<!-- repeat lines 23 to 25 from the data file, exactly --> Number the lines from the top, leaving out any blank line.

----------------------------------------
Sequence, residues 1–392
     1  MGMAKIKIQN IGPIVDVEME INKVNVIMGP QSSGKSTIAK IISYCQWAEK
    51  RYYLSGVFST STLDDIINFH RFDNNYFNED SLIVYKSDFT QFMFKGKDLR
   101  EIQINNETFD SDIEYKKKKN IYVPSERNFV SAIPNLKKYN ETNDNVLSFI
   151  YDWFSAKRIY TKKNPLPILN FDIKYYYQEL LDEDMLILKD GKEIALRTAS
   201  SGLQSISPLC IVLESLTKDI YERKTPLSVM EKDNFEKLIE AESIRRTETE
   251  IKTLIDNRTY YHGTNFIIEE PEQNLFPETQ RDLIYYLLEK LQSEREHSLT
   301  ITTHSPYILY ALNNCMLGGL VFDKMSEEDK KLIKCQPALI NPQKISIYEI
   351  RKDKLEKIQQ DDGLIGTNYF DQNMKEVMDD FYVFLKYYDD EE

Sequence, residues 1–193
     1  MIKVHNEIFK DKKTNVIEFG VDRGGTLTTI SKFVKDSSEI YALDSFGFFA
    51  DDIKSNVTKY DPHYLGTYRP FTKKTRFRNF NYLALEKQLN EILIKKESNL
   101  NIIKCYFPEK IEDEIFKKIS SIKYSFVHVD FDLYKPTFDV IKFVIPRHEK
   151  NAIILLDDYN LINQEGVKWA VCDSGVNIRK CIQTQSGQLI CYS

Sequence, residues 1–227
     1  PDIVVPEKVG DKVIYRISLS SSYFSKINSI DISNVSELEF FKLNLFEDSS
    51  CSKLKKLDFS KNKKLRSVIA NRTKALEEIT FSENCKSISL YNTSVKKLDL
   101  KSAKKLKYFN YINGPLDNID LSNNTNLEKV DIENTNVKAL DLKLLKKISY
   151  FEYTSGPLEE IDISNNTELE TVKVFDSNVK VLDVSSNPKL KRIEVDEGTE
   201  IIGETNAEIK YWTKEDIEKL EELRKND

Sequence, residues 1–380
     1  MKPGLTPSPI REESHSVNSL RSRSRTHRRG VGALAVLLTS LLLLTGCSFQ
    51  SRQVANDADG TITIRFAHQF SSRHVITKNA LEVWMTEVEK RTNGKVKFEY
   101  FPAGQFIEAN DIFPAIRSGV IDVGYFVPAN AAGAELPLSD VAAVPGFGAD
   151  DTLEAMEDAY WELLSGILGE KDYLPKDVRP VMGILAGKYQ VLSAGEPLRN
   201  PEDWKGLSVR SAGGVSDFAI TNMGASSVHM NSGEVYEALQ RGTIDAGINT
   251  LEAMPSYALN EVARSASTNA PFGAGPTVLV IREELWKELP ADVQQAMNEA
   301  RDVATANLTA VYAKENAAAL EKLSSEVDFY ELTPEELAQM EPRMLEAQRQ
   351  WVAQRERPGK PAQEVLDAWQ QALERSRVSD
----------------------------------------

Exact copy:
    51  SRQVANDADG TITIRFAHQF SSRHVITKNA LEVWMTEVEK RTNGKVKFEY
   101  FPAGQFIEAN DIFPAIRSGV IDVGYFVPAN AAGAELPLSD VAAVPGFGAD
   151  DTLEAMEDAY WELLSGILGE KDYLPKDVRP VMGILAGKYQ VLSAGEPLRN